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Brian: T-minus and counting

Greenfield, Iowa–What dreary weather. Brisk winds carry a fine mist through the air, remnants of soaking rains earlier in the week. The ground is a soggy mess, and muddy boots and shoes track everywhere we go. Hoodies and heavy coats are required as we plan and pack for our imminent departure for Oklahoma. With morning temperatures in the mid-40s we are feeling very confused. Our gloveless fingers keep going numb from the cold, the furnace is running in the house, and every time we start the pickup the heated seats automatically come on.  Are we really just a few short days away from triple-digit temperatures and hot, dry harvest winds in our hair?

The irony of all this wet weather is not lost on us as we get ready to departure for Thomas, Oklahoma. The same storm system that has soaked us here in Iowa stretched all the way down South. With over 90% of Cotton County classified in the “extreme drought” category, Thomas farmers are thrilled to receive this desperately needed moisture. However, for most of the winter wheat crop it’s too little too late. The “prepare for the worst, hope for the best” sentiment seems prevalent across most of western Oklahoma where every county is rated in a serious drought category.

The continuous cool, wet weather has been a big stressor here in Iowa. David hasn’t had much better luck in Minnesota. Fieldwork got off to such a late start in both locations that the number of days left have only allowed for the bare minimum of work. The usual spring tasks of fixing washouts, cutting trees in fence lines and installing underground drainage tile largely went unperformed. Most workdays in the tractor have stretched well into the night. I’ve found myself after 3 a.m. turning the key off to head home for some sleep more times than I’d like to remember. Production of our new high-speed planter ordered 11 months previously continued to be plagued by assembly delays thanks to limited availability of many components. Just when it appeared it may not be delivered in time for this planting season we were relived to be notified of its shipment from the factory.

Little did we know just how critical this would be. With the ability to travel up to twice the speed over a traditional design, this high-speed planter shaved days off the time needed to put our crop in the ground. Just when it looked impossible to finished planting before we would have to be in Oklahoma, technology saved the day. All those late nights paid off, and the last field of soybeans was planted just hours before this multi-day rain arrived and saturated the ground. Sometimes only a few hours makes all the difference, and had we not finished before this rain we would have been forced to strategize on sending someone back home to finished planting. Thankfully that’s one enormous headache we don’t have to deal with.

So now our attention turns to these final few crazy days here at home. Organization is the key to getting everything done. Brenda’s famous multi-page 500-point checklist has made its appearance, and the four Hamer boys completed their last day of school. Vernelle’s kitchen is filled with boxes of pots and pans, and bags of groceries pile up as she works to migrate into the trailer house. Her master book of “things to bring” keeps her on track, but I’d be lying if I said the men were as organized. Piles of tools and tires lay on the ground, waiting to be loaded in the the trucks. Everything is a muddy mess, and some tasks like loading the combine onto the trailer will be delayed until the last minute so the ground can dry up as much as possible.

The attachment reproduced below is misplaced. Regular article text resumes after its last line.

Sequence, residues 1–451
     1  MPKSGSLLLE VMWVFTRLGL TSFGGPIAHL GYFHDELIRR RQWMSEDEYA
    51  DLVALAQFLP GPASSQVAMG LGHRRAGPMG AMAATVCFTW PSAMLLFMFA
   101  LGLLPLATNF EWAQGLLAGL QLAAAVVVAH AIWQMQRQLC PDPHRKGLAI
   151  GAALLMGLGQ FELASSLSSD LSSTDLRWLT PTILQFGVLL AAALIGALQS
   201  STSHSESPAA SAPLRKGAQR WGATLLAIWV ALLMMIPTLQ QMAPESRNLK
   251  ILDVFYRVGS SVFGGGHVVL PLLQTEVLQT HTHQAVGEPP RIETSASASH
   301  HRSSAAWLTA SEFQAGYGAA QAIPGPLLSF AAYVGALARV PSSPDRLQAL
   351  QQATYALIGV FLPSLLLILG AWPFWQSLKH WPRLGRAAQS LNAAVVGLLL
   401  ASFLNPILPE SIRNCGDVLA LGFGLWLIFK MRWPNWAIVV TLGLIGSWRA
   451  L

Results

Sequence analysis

Getting the combine ready this year has taken a little extra time. With the availability of new combines severely constrained due to production delays related to component availability (just like our planter), it proved impossible to order a new machine and have it delivered in time for wheat harvest. With an enormous amount of effort our John Deere surprisingly found an unsold unit headed to Kansas and intercepted it before being shipped from the factory. We are fortunate to find a machine configured nearly exactly how we would have custom ordered it, but there are a few options missing. Thankfully those items are offered as field-installed kits. It’s taken a notable amount of time to install them all, and time is in limited supply right now. Mounting the radio, tool boxes, extra fire extinguishers and all the other modifications we do is something usually done earlier in the spring, but we feel fortunate to even be able to take delivery of a new combine. The 2022 model year marks John Deere’s 75th anniversary of self-propelled combines, and each machine comes with a commemorative decal on the side. Having owned a 50th anniversary edition machine years ago it’s a fun addition to ownership this year, reminding us just how long we have been on the harvest run.

The next few days can’t go buy fast enough. The crew is anxious to put all the stress of leaving behind us and find ourselves kicking around the red dirt of Oklahoma. Somehow it always comes together at the last minute, but sometimes it seems impossible. But if there is one thing we have learned in 40 years of harvesting it’s that God always makes a way to accomplish the tasks set before us, and this year will be no different. That said, I’m just ready to get into the operator’s seat and harvest wheat. I’m sure you are ready to read all about it, too. The wait is almost over, so start the countdown.  T-minus 10, 9, 8, …

Brian Jones can be reached at brian@allaboardharvest.com.


All Aboard Wheat Harvest is brought to you by ITC Holdings, CASE IH, Oklahoma Baptist Homes for Children, US Custom Harvesters Inc., Unverferth Mfg. Co. Inc., Lumivia CPL by Corteva Agriscience, Kramer Seed Farms, and High Plains Journal.






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